They’ve played over 5,000 shows. They were inducted into the Rock and Roll Hall of Fame. They were cool in 1977. Their lead guitar player owns over 400 quirky guitars. They can do whatever they want.
So this year, at the urging of their record label, power pop rockers Cheap Trick decided to release a Christmas album, Christmas Christmas.
2017 has seen no shortage of underwhelming holiday albums released by the likes of Hanson, 98 Degrees, and Gwen Stefani. But with Christmas Christmas, these quirky rockers — famous for tunes like “Surrender” and “I Want You to Want Me” — didn’t simply release a Christmas album. Rather, they blasted out a traditionally vibrant Cheap Trick album… but with Christmas-themed songs.
Christmas Christmas is the third album the sexagenarian rockers have released in the last two years, indicating that the band is in the thick of a productive streak (and not just a vanity project for an older band looking for something to do, like Aerosmith’s last, insufferable offering, Music from Another Dimension!, released after years of delays, petty gossip, and squabbling.) Cheap Trick’s previous two albums were 2016’s Bang, Zoom, Crazy…Hello followed by We’re All Alright! in 2017.
Earlier this year, British amplifier company Orange Amps asked Cheap Trick’s bass player, Tom Petersson, about the album and how the band maintains its hyper-vitality after 40 years touring. Petersson explained:
“It just seems very natural for us, I can’t really explain it. People will ask for advice, and I just don’t have any. We love recording and writing together, and we always search for that perfect record which you can never achieve, so I guess that might be one of those things that keeps us going. There’s always room for improvement and change.”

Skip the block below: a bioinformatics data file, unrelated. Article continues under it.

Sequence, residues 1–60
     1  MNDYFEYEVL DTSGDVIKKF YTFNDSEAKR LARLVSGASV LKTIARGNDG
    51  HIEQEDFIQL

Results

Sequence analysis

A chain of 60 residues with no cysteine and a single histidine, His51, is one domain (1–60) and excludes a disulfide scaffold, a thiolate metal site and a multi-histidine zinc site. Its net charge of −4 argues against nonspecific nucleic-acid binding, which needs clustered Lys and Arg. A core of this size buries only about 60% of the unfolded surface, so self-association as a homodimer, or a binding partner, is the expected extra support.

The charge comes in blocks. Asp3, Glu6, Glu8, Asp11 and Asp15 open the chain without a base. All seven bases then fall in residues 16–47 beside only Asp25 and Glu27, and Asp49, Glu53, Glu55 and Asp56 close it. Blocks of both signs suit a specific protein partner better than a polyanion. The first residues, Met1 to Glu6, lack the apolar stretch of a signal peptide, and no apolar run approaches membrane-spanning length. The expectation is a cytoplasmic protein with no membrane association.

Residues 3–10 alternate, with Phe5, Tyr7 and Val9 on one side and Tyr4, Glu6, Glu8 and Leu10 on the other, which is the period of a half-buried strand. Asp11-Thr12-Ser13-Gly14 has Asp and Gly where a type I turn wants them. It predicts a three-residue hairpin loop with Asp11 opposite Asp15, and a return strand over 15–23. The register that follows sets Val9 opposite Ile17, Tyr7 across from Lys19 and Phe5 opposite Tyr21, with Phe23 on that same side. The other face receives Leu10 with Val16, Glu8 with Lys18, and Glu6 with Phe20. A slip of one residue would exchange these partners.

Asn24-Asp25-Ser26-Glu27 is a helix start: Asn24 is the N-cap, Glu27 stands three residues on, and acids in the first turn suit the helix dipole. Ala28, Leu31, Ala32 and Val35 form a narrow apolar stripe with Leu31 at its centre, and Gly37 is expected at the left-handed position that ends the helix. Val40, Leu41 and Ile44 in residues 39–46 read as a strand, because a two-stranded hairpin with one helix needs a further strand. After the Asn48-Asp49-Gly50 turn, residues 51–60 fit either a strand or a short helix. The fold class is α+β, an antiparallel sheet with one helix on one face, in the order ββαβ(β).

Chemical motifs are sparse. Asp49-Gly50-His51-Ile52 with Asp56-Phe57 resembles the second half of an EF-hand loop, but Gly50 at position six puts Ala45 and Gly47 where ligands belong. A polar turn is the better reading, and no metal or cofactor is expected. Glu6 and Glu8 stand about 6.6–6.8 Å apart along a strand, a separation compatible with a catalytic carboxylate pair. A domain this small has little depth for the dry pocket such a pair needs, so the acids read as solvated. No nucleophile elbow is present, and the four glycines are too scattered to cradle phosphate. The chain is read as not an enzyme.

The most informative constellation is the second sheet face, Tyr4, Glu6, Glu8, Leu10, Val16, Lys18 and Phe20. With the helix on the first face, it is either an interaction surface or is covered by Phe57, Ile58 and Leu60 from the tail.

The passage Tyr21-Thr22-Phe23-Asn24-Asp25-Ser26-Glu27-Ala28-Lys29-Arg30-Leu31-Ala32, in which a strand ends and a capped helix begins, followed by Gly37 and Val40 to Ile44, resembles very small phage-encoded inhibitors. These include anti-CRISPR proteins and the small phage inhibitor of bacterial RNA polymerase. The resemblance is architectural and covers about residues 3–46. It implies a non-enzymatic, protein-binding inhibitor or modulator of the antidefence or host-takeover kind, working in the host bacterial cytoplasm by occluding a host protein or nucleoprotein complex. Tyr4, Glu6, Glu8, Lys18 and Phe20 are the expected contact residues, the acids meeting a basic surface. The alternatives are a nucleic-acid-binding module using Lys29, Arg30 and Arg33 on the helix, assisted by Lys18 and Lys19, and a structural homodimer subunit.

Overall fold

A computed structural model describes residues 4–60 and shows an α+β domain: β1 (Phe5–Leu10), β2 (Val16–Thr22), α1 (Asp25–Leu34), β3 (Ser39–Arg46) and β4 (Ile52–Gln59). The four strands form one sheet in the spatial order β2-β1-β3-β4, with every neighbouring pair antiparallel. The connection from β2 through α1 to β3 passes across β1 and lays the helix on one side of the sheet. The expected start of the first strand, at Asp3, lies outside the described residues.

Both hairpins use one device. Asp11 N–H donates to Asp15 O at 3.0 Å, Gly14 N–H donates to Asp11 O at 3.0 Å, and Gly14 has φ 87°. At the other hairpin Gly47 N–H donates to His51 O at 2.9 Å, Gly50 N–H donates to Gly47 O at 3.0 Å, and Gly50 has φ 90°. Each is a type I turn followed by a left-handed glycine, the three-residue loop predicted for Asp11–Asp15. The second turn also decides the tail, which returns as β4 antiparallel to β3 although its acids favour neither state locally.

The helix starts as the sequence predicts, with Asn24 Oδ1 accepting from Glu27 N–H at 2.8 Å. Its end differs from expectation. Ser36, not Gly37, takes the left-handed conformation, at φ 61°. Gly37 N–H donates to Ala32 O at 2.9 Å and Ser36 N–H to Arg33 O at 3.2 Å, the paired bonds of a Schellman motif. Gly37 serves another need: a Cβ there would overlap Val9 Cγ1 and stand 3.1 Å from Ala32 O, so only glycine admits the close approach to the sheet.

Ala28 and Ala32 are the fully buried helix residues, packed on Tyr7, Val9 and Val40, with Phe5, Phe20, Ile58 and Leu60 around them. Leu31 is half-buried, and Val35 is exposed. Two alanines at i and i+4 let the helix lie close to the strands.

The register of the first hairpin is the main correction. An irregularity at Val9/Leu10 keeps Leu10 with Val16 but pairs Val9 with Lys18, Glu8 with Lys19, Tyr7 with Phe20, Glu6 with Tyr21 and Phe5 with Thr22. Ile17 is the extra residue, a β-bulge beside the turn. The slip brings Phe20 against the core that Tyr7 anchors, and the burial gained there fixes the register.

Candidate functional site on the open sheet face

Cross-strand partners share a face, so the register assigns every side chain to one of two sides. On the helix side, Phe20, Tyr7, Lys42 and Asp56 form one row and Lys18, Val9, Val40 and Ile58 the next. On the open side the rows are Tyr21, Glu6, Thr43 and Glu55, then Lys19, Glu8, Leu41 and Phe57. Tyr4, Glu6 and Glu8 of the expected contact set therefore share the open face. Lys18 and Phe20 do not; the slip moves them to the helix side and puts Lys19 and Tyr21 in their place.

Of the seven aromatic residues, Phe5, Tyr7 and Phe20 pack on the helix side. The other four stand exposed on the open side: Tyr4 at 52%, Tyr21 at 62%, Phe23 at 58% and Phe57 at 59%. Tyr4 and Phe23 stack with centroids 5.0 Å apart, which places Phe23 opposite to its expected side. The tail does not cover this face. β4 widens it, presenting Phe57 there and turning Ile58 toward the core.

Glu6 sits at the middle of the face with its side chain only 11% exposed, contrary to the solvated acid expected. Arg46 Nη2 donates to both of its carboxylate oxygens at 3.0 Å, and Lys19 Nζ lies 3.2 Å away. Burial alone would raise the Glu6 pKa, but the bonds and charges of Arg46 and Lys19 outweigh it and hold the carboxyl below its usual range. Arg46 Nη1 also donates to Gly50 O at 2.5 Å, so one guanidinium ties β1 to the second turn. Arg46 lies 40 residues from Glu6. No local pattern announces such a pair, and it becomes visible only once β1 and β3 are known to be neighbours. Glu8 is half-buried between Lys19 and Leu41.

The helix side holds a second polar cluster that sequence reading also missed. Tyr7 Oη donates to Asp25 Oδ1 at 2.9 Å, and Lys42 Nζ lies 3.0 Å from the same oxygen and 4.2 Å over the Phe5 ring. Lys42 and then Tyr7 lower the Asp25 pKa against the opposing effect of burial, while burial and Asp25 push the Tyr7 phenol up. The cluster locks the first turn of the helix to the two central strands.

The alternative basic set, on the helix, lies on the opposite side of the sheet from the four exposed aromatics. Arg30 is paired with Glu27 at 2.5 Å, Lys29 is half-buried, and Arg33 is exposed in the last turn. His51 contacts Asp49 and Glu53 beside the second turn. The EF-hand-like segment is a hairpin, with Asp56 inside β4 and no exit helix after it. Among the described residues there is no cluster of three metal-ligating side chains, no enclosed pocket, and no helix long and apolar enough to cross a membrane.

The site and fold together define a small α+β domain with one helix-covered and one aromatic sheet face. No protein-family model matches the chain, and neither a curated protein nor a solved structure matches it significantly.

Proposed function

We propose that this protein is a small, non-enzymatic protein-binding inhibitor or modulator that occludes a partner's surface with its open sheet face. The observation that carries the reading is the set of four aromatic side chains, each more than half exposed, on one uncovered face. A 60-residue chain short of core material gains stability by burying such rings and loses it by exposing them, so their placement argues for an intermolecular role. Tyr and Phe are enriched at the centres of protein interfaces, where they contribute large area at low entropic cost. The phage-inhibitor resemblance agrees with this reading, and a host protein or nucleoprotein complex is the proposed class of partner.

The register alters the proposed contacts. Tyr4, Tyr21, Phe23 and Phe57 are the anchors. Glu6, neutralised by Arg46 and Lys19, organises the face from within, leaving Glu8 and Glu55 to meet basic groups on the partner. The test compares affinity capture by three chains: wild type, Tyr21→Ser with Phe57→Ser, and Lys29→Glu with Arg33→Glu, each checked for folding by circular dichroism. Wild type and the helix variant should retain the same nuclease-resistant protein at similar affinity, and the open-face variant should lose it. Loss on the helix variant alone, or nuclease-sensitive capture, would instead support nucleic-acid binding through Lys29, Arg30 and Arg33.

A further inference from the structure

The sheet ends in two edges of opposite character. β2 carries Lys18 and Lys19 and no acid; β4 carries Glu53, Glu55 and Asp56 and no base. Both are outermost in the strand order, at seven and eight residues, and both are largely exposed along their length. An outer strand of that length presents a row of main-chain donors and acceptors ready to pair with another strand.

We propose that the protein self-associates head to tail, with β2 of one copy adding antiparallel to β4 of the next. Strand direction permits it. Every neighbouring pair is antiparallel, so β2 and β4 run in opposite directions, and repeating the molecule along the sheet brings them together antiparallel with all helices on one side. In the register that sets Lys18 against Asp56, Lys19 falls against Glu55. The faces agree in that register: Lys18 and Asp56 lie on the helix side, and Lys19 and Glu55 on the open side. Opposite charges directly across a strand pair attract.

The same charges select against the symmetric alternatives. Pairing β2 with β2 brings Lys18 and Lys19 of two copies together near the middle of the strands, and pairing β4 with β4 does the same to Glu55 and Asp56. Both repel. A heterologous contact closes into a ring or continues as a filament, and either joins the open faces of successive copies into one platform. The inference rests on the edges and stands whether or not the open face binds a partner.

Christmas Christmas has 12 tracks, three of which are original Cheap Tricks songs. The others are mostly high-octane covers of Christmas numbers from artists the band appreciates, like The Ramones, Julian Casablancas, and The Kinks.
The album is notably engaging because it’s eclectic. Chuck Berry’s 1950s-era “Run Rudolph Run” is layered with thick, crunching guitars and crowned with a glam rock solo from guitarist Rick Nielsen. The Eagles’ “Please Come Home For Christmas” is dirty blues number where emotive vocalist Robin Zander sounds reminiscent of Paul McCartney on The Beatles “Oh Darling.” And The Ramones “Merry Christmas (I Don’t Want To Fight Tonight)” is not to be missed — It’s punky Christmas mosh music.
There’s only one classic holiday standard, “Silent Night.” Here, Zander’s ghostly vocals are backed by distorted guitar and thunder.
The album concludes with the Cheap Trick original and title track, Christmas Christmas. It’s an album-defining song that’s unabashedly Cheap Trick: Big drums, punk-influenced guitar, and fierce chanting vocals.
With an electrified, punk twist on Christmas songs, Christmas, Christmas is the type of album that you need in 2017 — an album that will induce some holiday head banging and perhaps even make you spill some eggnog.